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  • Stewart vs. Cramer: A Cheap Shot [View article]
    Stewart owes Cramer nothing any more than Saturday Night Live owes something to someone they skewer. These are not news shows, and they don't need to pretend to be fair and balanced any more than Limbaugh. They have an agenda, and that's fine: ratings.

    While I don't think Stewart is smart enough about the markets to be the one to Monday morning quarterback ANYONE here, you have to admit...the clips of all these getting it SO wrong are funny and sad to watch.

    They are wonderful reminders that, at the end of the day, you have to DO YOUR OWN HOMEWORK. You don't buy Bank of America just because Cramer said on TV that it's going to $60.

    The moment Stewart downplayed the importance of the stock market as an indicator as to how things are going, he 100% lost me as someone whose opinion matters.

    Cramer, Stewart, Limbaugh, SNL...all ENTERTAINMENT. Nothing more. Do your own homework.
    Mar 15, 2009. 09:45 AM | 11 Likes Like |Link to Comment
  • Unemployment Is 18.0% NOT 7.7% [View article]
    I did more or less the same analysis late last year and came up with similar disappointing results:

    "So, when you hear on the news that there are 12.3 million unemployed people in the country, just know that this number does not include:

    (a) 8.3 million people who are working part-time but want a full-time job
    (b) 2.4 million people who want a full-time job but have not looked for one in the last month
    (c) Some percentage of the 3.6 million full-time college students who are 25 and older
    (d) The millions of people who want a full-time job but have either not looked for one in the last year or simply given up for good

    I’d say conservatively that means there are at least 25 million people who want something better for themselves in terms of a job, yet the economy does not afford them the opportunity."

    It's borderline criminal that the recent unemployment statistic is being trumpeted as a sign of how much better things are getting.

    More here:
    Mar 9, 2013. 09:13 AM | 6 Likes Like |Link to Comment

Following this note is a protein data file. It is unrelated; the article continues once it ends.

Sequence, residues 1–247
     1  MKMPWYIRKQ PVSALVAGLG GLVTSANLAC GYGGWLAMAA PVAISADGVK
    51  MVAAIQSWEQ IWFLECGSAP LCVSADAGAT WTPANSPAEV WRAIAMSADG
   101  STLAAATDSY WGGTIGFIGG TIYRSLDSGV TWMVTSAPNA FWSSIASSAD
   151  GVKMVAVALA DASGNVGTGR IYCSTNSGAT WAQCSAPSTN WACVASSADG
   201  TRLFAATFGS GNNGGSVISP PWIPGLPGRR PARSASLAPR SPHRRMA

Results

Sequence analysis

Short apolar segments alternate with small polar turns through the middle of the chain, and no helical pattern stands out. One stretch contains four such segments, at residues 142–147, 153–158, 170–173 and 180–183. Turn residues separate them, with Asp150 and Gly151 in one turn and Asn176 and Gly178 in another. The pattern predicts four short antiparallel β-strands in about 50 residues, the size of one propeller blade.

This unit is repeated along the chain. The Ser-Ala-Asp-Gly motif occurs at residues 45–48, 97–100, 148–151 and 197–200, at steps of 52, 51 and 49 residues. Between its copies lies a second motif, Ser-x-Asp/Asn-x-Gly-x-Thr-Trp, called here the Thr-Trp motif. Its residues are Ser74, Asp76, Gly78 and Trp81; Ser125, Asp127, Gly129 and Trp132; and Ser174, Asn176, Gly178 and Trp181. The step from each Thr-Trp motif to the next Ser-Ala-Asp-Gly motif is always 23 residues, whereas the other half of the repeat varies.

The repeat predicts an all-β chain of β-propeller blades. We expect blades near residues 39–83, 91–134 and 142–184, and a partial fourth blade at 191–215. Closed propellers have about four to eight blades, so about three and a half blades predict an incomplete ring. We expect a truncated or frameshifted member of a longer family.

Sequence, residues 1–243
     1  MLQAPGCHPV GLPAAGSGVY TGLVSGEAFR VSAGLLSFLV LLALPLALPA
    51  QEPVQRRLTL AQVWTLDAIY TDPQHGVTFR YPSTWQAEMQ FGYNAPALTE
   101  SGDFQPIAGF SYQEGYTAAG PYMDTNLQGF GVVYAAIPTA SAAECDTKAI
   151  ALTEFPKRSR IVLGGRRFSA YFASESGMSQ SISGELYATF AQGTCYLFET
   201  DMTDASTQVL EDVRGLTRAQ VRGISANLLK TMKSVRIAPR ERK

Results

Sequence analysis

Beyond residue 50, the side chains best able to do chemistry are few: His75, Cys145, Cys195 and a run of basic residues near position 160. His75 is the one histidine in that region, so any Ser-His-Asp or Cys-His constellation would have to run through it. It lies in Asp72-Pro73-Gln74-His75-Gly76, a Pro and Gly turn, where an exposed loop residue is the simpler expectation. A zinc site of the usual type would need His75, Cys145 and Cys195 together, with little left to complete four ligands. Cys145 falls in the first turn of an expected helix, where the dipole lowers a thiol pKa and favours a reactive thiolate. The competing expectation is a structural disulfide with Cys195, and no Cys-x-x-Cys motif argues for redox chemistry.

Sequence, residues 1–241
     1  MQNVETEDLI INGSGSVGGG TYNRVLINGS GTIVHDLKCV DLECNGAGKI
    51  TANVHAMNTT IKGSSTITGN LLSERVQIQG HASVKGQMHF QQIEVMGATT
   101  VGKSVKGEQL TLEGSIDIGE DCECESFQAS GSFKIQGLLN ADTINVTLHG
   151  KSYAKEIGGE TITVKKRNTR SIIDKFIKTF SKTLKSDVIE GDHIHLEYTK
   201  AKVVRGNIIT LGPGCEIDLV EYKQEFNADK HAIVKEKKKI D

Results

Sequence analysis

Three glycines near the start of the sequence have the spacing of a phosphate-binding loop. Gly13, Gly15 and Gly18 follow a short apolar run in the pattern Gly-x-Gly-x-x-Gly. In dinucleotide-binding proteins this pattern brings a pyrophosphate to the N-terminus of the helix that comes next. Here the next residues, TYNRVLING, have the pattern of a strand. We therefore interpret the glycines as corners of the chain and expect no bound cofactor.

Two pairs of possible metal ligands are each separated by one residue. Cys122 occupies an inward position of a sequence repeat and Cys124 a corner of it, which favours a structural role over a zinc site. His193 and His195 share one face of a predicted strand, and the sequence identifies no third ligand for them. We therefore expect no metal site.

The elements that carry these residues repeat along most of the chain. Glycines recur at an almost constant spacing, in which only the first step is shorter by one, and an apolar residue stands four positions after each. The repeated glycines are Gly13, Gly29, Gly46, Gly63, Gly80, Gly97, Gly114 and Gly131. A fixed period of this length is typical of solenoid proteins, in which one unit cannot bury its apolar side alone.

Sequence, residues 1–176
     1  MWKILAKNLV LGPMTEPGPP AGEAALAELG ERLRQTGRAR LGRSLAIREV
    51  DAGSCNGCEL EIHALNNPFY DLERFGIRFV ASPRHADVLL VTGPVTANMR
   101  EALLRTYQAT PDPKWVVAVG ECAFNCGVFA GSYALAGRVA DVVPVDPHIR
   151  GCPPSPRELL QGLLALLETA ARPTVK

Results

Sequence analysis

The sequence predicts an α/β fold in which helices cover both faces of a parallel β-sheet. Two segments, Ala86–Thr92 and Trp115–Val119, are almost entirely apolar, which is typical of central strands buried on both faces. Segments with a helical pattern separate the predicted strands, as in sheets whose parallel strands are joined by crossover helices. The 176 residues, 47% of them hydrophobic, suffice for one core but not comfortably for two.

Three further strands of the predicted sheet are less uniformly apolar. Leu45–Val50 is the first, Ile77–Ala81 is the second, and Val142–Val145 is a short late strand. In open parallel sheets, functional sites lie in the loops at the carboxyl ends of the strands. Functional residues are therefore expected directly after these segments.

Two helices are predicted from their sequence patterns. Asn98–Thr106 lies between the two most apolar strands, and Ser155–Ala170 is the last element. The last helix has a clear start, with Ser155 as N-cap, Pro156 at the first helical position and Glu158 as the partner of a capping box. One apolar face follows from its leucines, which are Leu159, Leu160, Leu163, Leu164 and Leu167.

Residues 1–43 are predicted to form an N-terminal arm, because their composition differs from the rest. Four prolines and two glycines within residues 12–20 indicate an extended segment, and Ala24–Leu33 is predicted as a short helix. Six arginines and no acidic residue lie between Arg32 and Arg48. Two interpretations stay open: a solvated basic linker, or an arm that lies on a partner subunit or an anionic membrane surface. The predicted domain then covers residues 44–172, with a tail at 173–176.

• What Will the U.S. Economy Look Like in 10 Years? Look to Greece [View article]
    You could say the exact same thing about the US, save for the "foreign" banker reference.

    On Nov 28 03:53 PM nobby73 wrote:

    > I often read that the Greeks do not worry too much as they feel they
    > will find a way through this, but I am sorry to say my personal experience
    > tells me their citizens are unaware how their economy has been hollowed
    > out from the inside over the years. I have come across many situations
    > where naive officials have been fleeced by devious foreign bankers,
    > but in Greece's case, it was an inside job.
    Nov 29, 2009. 08:22 AM | 6 Likes Like |Link to Comment
  • Siegel vs. Standard & Poor's [View article]
    Yes, I read this in the WSJ, too (2/28/09, Letters to the Editor):

    In his "The S&P Gets Its Earnings Wrong" (op-ed, Feb. 25), Jeremy J. Siegel claims that Standard & Poor's systematically understates the earnings of the S&P 500. In his view, the recent losses of the financial companies in the S&P 500 should be discounted because of their diminished weights in the index.

    His argument, however, fails the simple tests of both logic and index mathematics. A dollar earned or lost is the same, irrespective of whether it is earned or lost by a big index constituent or a smaller one.

    Prof. Siegel's example of Exxon-Mobil illustrates why S&P's method of calculating earnings works. If large Exxon-Mobil earned $10 billion and small Jones Apparel lost $10 billion, index investors collectively -- and individually -- would bear a proportionate share of both Exxon's earnings and Jones's loss, despite the fact that the value of Exxon-Mobil's shares in the index portfolio is about 1,381 times the value of the Jones's shares.

    To use an analogy, we could hypothetically view the S&P 500 as a single company with 500 divisions, with each division having earnings and an implicit market value. The smallest of these divisions could have an outsized loss that wipes out the combined earnings of the entire company. Claiming that these losses should be ignored or minimized because they came from a less valuable division is flawed.

    Prof. Siegel's approach -- applying the weights based on market values to the results based on a company's earnings -- effectively mixes apples and oranges.

    David M. Blitzer
    Managing Director, Chairman of the Index Committee
    Standard & Poor's
    New York

    On Feb 28 12:09 AM Ricard wrote:

    > I really don't get Siegel's point:
    > "Suppose on a given day the only price changes in the S&P 500
    > are that the largest stock, Exxon-Mobil, rose 10% in price and the
    > smallest stock, Jones Apparel Group, fell 10%. Would S&P report
    > that the S&P 500 was unchanged that day? Of course not. Exxon-Mobil
    > has a market weight of over 5% in the S&P 500, while the weight
    > of Jones Apparel is less than .04%, so that the return on Exxon-Mobil
    > is weighted 1,381 times the return on Jones Apparel."
    > "Yet when S&P calculates earnings, these market weights are ignored.